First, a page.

On a full licence, the limit for the full combination of tow vehicle, trailer and the load of both vehicles is 6000kg.

Load security

The load must be secure. If necessary, use a net or tarpaulin in addition to ropes.

The load can overhang the rear by up to 4 metres - measured from the axle. If it overhangs by more than 1 metre, it must be flagged. At night red lights must be fitted to the rear. In daylight you should attach a fluorescent flag (white, red, orange or yellow), sized 400 x 300mm.

A load can extend sideways up to 1.25 metres from the centre line of the trailer, but must be flagged if it extends more than 200mm beyond the sides.

At night, you need to mark an extended load with white or amber lights to the front, red to the rear.

Load distribution

Stack your trailer so around 10 percent of the total weight pushes down on the tow ball. Put the heaviest items slightly forward of the axle, to reduce the tendency to sway.


You can tow a trailer that’s up to 2.5m wide, 4.25m high when loaded, and 11.5m long, as long as the combined car and trailer length does not exceed 20 metres.


Not all car insurance policies cover a trailer while it’s being towed. Check your policy.

Hiring a trailer

Trailer hire is covered by the Consumer Guarantees Act. This means the trailer should be fit for its purpose, and should meet all safety requirements.

Make sure it is safe before you drive it away. Check the lights, tyres and so on, as listed above. Couple up the trailer and then pull up on the coupling (or bounce up and down on the rear of the trailer). Does the coupling hold securely?

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Paul S.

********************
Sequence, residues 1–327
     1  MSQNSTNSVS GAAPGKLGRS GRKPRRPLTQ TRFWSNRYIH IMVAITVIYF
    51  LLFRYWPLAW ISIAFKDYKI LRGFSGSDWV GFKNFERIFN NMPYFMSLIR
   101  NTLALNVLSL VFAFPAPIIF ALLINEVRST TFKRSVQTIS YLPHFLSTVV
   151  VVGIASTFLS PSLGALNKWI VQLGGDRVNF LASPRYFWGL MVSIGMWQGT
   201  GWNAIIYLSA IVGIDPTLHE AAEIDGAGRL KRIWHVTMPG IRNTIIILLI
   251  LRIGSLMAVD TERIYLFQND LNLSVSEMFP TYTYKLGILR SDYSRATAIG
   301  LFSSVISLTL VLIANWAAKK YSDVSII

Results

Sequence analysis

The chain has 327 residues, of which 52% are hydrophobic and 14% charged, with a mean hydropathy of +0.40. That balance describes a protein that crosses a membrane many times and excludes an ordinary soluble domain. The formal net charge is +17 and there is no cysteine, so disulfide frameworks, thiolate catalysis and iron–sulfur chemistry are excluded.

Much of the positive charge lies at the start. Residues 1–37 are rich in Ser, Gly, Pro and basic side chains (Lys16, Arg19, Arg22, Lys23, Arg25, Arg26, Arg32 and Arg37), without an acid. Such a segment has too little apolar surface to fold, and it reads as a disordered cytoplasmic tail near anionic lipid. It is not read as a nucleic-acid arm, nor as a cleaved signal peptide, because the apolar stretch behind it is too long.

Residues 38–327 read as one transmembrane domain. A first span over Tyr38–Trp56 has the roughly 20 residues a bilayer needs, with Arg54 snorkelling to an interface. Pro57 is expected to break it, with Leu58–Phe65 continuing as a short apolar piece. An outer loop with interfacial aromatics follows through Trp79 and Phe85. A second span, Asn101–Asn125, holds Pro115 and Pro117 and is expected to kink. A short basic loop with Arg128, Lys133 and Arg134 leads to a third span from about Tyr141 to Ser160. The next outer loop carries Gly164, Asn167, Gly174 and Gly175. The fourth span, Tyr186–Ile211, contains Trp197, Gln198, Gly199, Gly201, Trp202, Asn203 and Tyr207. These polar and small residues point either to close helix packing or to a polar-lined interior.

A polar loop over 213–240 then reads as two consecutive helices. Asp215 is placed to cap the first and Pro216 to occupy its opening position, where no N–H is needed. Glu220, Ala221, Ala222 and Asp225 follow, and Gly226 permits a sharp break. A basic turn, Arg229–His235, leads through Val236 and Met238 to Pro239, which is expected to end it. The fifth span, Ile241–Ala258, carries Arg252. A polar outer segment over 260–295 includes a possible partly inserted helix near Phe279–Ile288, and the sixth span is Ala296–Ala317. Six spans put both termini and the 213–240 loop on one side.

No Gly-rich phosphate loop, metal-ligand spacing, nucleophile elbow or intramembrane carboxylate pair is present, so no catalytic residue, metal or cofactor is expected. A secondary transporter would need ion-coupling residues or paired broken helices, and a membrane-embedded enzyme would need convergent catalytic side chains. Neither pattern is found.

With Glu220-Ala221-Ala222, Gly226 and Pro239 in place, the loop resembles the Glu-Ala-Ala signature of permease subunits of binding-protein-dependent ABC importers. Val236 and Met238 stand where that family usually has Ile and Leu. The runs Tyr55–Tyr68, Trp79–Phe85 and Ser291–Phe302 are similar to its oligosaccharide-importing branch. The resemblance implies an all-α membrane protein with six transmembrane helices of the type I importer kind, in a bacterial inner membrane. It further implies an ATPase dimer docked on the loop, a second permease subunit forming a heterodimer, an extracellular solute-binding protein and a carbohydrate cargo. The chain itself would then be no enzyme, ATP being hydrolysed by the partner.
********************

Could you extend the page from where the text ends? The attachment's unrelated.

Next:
04 Oct 2018
Towing with an unrated vehcile

As we move across to Electric vehicles, I have noticed that many of them are unrated for towing. For example both the Nissan Leaf, and the new Hyundai Nivo SUV EV are both unrated.

There is one obvious reason for this, and that being range and the impact that towing has.

Another reason is the drive train, which has components in it that can be damaged by towing.

There are also the breaks which are already under stress from carrying extra weight from the battery, almost 300kg of extra weight in a Nissan Leaf compared to a similar size petrol vehicle.

This brings me to the question of insurance. If a car has not been rated for towing, does this void the insurance in the case of an accident and claim?

Although my question is more specific to electric vehicles, there is also the question of unrated petrol/deisel vehicles.

Consumer staff
04 Oct 2018
Re: Towing with an unrated vehcile

Hi Paul,

You are correct about the reasons most EVs aren’t rated for towing. We expect that as the technology develops, range increases and we see larger EVs, more will have the ability to tow – for example, the Tesla Model X is rated to tow.

Regarding insurance, the simple answer is no, you shouldn’t tow with a vehicle unrated for towing. It is very likely to void insurance. Not being rated means the manufacturer hasn’t submitted the vehicle for tests when towing, so there’s no knowledge of whether towing with that vehicle would cause trouble or not. Hope this helps.

Kind regards,
Frank – Consumer NZ staff.